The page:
It’s not that I’ve become a new fan of cinematic violence. But after over 40 years of watching men fist fight, hold shootouts and the like, I understand why suddenly I could watch some of the battle scenes in Black Panther with protracted interest. It was those women warriors entering the fray with incredible finesse and savvy that caught my interest and held it. That and recognizing how this in no way diminished their femininity. And my favorite character has turned out to be Okoye, T’Challa’s general (it took me 3 viewings to decide). She is fierce, principled and of a distinct physical grace to which I can only aspire.

My 10 y-o and I have a whole new source of shared jokes, plus a wealth of conversation topics to explore.

I was not entirely prepared for the host of thoughts and questions seeing Black Panther with my 10 year old son would spark. But wow! it has been a revelation. We’ve been twice so far and his take-aways are so interesting. On our way home we debated the merits of identifying with Killmonger (his favorite character “Hey, Auntie”). He has also stepped up his humor game:

OK, there I’ve said it. I loved Black Panther and I’m excited to be living in this moment. Many thanks to so many friends and family members I’ve been able to share this ride with. Who knew?

I’m so glad I joined when I did.

#WakandaForever

Five Days in Cairo

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I’ve spent five days in Cairo and I feel nearly speechless
Because I am so full of emotion,
So amazed at my experience,
So humbled by ALL OF IT.

Yes I visited the Pyramids and the Sphinx,
Toured the museum of Egyptian History,
Rode on a camel’s hump
Without tumbling off.

But the joy of seeing the people
I call friends
Is unmatched.
To hug them directly,
To look in their eyes,
To ask all the funny questions,
To share the relief that
No, we were not mistaken:

The care is real,
The warmth is genuine,
The trust is grounded,
The love is what we thought it could be.
Yes.
Yes, it is.

With love and gratitude to Maha and Paul.

Inclusion again

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I’m thinking about inclusion again. Now that diversity has been shunted as the desirable term to describe the aspiration of drawing people together who reflect the variety of identities and backgrounds which more closely represent society at large, some (myself included) have said what we really need, seek and should be working towards is inclusion. Opening doors, offering invitations, seats at tables, a mic on the stage, a space on the panel –  centering those in prominent public forums from whom we have traditionally, historically heard less. OK, I can get with that.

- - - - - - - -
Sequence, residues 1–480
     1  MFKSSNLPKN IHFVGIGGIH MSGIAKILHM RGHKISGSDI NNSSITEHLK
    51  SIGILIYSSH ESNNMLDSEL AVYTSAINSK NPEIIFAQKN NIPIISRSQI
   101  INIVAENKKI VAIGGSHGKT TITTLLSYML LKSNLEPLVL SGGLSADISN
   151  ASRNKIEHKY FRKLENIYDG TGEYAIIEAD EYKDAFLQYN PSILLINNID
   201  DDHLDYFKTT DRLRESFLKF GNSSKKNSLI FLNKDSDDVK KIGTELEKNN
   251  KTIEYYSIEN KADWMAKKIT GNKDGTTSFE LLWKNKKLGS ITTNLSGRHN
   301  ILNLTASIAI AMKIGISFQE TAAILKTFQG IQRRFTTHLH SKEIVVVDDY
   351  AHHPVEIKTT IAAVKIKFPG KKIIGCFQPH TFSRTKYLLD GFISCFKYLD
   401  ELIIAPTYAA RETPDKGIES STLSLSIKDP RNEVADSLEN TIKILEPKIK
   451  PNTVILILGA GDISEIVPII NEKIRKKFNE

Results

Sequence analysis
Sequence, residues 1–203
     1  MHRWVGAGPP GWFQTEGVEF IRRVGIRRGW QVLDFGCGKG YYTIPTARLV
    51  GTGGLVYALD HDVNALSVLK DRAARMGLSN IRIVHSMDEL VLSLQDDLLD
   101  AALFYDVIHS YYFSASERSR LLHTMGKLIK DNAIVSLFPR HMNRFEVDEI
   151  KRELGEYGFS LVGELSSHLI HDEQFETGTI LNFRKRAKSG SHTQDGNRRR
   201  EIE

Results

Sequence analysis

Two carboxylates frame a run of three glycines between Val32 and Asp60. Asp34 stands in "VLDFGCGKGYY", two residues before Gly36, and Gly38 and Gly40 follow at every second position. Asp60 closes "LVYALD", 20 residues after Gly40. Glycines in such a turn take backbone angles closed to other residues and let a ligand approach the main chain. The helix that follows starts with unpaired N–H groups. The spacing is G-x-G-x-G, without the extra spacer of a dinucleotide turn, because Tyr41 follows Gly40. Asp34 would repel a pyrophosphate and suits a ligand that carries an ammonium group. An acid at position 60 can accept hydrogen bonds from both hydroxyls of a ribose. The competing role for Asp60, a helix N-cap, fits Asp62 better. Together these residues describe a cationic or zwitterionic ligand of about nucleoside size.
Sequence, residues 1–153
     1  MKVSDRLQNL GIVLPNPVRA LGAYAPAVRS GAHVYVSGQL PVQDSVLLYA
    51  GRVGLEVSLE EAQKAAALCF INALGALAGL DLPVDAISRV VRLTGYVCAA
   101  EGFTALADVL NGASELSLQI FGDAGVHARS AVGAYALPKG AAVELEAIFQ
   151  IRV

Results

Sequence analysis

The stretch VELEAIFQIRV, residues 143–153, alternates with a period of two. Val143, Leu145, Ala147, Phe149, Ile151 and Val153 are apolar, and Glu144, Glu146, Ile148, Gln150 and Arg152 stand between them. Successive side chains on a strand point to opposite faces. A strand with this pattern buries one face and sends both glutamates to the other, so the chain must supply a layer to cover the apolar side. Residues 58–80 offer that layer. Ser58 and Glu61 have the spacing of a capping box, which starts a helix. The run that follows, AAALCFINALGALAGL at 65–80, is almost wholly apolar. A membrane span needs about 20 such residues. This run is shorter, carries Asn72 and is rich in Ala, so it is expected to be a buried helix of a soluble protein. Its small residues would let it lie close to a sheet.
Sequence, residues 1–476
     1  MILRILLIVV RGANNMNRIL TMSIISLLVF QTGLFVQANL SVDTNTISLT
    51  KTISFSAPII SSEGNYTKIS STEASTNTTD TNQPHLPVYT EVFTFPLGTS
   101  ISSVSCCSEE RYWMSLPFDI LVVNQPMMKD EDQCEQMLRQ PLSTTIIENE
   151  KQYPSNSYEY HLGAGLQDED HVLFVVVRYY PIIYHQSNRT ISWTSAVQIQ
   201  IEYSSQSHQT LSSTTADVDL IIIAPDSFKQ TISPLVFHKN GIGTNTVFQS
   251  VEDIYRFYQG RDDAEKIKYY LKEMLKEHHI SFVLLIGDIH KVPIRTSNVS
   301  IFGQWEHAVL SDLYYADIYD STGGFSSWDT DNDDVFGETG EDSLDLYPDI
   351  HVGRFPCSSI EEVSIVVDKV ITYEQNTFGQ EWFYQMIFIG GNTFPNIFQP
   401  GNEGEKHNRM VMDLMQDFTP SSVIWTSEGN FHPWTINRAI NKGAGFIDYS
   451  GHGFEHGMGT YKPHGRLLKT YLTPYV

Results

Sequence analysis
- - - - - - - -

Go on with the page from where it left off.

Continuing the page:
I read a post in response to the #EngageMOOC: Engagement in a Time of Polarization which is happening for two weeks now in the middle of February.  Kay Oddone argues that we can in our own small and sometimes larger circles, insure that marginalized folks who are at the table experience true inclusion, rather than serving as placeholders for someone’s good intentions.

The rest of the above quote speaks even more to me and my experience: ” …comfortable enough to join in with the conversation that is happening at that table. And knowing, when the talking stops, and the faces turn expectedly, how to share one’s opinion in a way that makes it able to be heard.” (emphasis mine) Those expectant faces, yes. How they turn to you as the one brown face in the room (or the only queer, native, or poor person), hoping that you will grant them both grace and an easy way out of whatever discomfort may have arisen in the conversation.

Putting it succinctly:

Allow me to broadly generalize: It happens all the time.

Kay Oddone’s post reminded me of what is at stake for marginalized folks who come to the table:

We have the power to counter the ticked box form of diversity, we can and need to practice real inclusion wherever we are. For us as educators, we can begin by incorporating more student voice and choice into our practices. We can listen to our young people when they tell us what is working for them and what’s not. We don’t give them voice; we learn to ask and listen and act on what we learn as a result. That’s what inclusion looks like. It’s responsive, open, ready to learn.

We tend to think of engagement in terms of output, as external actions that are readily observable, measurable even in some cases: speeches, reports, demonstrations, coursework. I want us to also recognize the power of staying quiet when someone else finally finds the courage to speak; for stepping aside when a leadership post comes open and nominating the better candidate who might easily be overlooked. Those are forms of behind-the-scenes engagement we need more of.

Maha Bali writes compellingly about the dilemma of reproducing marginalization even in our attempts to be inclusive:

In open online spaces, opening doors is not enough.

In open online spaces, an open door means easy exit just as it means easy entry.

In open online spaces, we are not there on equal footing.

In open online spaces, we are not equally fragile.

It is everyone’s responsibility to listen and care and support marginal voices. Whether or not they wish to speak. Whether or not they wish to be present. Whether or not they like what we do.

It is everyone’s responsibility to recognize their own privilege and to use it with purpose.

I know, I know, we’re working on it. Sometimes it pays off to think small. Think next door, down the hall, at the next meeting. Act large in small spaces. Notice who’s speaking and who isn’t. Practice not knowing and being curious. Be kind. Welcome warmly and mean it.

We can do all those things and still run a meeting on schedule. Let’s try. It’s worth the effort.

image via Pixabay.com CC0